Why I’m Not In Love With Agile

I don’t love agile. I don’t like agile. I have no agile tattoos. I’ve never named a dog ‘burndown’. I’ve never gotten in a flame-war defending agile. My identity isn’t tied to agile.

These statements may not make sense coming from an agile and leadership coach who coaches, teaches and mentors agile all day. But they are true. I do not love agile.

Before I knew what agile was, I was a software developer. We worked in a traditional/waterfall way where a product person would write a 70 page product spec that I would turn into a 45 page technical spec and work with a group of developers to implement. We were always stressed, we had quality problems and by the time we delivered anything into production, it was a full 18 months after the customer asked for it and (surprise), nobody wanted to use what we’d just built.

It wasn’t fun and we weren’t delivering value.

Then we tried agile (scrum). Very quickly it was fun to come to work and to solve problems. We talked directly to our customers and built things that solved the problems they had right now. We delivered more value faster and had fun doing it.

But I don’t love agile.

I love delivering solutions to problems customers have right now. I love solving problems customers don’t even know they have. I love using our time on this earth to make things better for other humans.

I’m no more in love with agile than I’m in love with the hammer in my toolbox at home. I don’t try to convince people that hammers are the best/only way to get things done. I don’t look down on or say dismissive things about people who are ‘still’ using screwdrivers.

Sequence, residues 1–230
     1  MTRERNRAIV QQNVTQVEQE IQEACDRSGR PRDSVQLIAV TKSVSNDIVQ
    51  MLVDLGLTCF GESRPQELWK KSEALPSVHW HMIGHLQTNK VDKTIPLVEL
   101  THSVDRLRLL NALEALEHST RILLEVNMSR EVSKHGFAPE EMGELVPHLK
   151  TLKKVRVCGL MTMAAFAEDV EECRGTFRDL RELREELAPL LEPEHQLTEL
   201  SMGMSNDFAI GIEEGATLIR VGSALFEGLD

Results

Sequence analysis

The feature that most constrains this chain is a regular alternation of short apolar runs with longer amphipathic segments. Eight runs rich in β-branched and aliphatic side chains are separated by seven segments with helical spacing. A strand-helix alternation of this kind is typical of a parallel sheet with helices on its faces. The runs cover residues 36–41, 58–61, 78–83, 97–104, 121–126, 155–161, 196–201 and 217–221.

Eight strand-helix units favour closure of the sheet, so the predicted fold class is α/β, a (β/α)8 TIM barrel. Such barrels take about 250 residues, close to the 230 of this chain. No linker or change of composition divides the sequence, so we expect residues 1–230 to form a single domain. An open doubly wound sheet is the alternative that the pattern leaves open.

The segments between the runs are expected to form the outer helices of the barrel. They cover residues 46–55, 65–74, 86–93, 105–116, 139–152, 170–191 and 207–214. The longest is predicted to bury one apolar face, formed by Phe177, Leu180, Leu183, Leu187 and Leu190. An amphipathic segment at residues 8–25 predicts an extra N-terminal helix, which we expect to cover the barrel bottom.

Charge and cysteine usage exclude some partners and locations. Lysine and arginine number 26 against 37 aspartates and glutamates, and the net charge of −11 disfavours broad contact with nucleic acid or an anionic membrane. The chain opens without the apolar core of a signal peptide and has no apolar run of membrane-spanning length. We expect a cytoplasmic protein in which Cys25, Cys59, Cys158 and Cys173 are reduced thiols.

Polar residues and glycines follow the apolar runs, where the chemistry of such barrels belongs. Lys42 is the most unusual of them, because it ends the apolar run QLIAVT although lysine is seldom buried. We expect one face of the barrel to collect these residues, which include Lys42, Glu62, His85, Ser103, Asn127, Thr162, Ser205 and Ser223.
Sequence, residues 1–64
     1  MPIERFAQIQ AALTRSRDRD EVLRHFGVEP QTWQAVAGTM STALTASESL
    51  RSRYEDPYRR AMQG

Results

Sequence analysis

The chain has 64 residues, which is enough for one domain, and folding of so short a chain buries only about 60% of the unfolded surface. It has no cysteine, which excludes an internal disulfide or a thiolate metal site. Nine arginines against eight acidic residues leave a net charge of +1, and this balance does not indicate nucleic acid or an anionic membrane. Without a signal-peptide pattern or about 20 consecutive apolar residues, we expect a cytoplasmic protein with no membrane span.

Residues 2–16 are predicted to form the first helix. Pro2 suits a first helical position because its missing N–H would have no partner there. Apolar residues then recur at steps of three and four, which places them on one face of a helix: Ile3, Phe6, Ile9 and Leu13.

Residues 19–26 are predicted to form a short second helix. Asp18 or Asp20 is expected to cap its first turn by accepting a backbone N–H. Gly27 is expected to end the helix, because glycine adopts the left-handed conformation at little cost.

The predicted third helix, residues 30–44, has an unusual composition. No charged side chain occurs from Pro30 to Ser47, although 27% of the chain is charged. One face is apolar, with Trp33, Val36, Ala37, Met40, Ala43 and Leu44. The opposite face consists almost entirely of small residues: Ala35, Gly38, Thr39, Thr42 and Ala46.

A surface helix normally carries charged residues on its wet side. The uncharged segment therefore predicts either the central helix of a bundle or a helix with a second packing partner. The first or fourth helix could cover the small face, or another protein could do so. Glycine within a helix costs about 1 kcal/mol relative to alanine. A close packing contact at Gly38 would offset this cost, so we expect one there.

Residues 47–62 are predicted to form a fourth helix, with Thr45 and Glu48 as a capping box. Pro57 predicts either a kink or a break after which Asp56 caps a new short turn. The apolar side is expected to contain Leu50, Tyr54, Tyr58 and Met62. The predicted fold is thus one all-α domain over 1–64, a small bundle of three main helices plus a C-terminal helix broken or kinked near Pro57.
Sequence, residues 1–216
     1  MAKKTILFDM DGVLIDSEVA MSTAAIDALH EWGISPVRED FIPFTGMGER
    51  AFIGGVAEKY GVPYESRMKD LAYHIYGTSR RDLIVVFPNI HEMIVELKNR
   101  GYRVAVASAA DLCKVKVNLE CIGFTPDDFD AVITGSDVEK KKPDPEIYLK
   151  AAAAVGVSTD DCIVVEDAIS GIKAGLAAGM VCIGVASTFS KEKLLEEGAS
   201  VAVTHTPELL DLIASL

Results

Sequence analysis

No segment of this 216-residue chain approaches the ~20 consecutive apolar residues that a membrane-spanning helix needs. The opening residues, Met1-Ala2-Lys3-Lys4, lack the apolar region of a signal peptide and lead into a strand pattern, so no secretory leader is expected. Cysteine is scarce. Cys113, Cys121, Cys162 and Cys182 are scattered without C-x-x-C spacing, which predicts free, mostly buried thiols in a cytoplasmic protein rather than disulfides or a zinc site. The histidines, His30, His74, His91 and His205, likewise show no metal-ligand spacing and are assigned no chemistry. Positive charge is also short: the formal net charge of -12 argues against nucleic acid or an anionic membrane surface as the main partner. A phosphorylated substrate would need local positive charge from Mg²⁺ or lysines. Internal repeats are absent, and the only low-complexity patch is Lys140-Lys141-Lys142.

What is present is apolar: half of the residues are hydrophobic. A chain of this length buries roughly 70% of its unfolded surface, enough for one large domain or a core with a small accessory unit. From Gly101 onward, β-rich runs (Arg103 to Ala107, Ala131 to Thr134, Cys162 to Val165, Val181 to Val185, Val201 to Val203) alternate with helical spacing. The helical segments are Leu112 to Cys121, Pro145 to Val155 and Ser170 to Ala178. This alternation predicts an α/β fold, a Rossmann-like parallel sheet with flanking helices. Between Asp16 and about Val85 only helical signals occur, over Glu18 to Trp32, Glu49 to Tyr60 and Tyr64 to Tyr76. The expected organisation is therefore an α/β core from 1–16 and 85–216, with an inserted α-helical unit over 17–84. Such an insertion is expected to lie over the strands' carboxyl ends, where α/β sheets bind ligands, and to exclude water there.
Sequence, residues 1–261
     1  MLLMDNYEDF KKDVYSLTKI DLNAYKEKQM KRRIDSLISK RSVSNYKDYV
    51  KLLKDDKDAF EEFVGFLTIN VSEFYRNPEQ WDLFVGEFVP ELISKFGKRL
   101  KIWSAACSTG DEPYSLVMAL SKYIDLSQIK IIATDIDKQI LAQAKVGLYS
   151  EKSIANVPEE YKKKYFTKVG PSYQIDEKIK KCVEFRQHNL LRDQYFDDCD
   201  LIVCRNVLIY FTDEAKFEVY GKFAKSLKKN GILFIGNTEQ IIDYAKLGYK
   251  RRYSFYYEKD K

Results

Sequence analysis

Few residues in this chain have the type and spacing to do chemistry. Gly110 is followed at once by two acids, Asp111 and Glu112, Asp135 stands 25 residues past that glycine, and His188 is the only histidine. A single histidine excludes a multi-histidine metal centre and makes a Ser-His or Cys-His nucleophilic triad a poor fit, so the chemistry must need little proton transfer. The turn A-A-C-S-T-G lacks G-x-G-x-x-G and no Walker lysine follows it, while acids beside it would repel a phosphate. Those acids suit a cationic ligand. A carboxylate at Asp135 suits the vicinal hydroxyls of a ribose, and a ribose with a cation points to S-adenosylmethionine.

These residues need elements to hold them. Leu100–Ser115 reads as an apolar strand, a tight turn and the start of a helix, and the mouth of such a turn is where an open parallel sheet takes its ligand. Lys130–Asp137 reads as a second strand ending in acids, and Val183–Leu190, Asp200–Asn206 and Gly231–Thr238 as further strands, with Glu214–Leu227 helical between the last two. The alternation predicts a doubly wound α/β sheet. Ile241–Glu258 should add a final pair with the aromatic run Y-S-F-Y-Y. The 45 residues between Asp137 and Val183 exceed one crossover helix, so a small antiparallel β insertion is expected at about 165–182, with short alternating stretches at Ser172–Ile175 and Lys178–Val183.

I don’t love agile because agile, by itself, isn’t valuable. A hammer that has never hit a nail has never delivered value. And when it does hit that nail, the value is in what was created, not in the tool, process, framework or philosophy used to get there.

I follow and coach agile principles because they are a better way to deliver value. I’ve not found a more effective way to engage the people doing the work than using an agile mindset. I’ve not found a more effective way to engage customers early and often than using agile principles.

I’m in love with unlocking the potential of individuals and teams to deliver more customer value more frequently.

If agile best helps us get there, that’s what I’ll use. But the second there is a better way to respect individuals and deliver more customer value, that’s what I’ll be using.

And I won’t be in love with whatever that is either…only with what it helps us accomplish.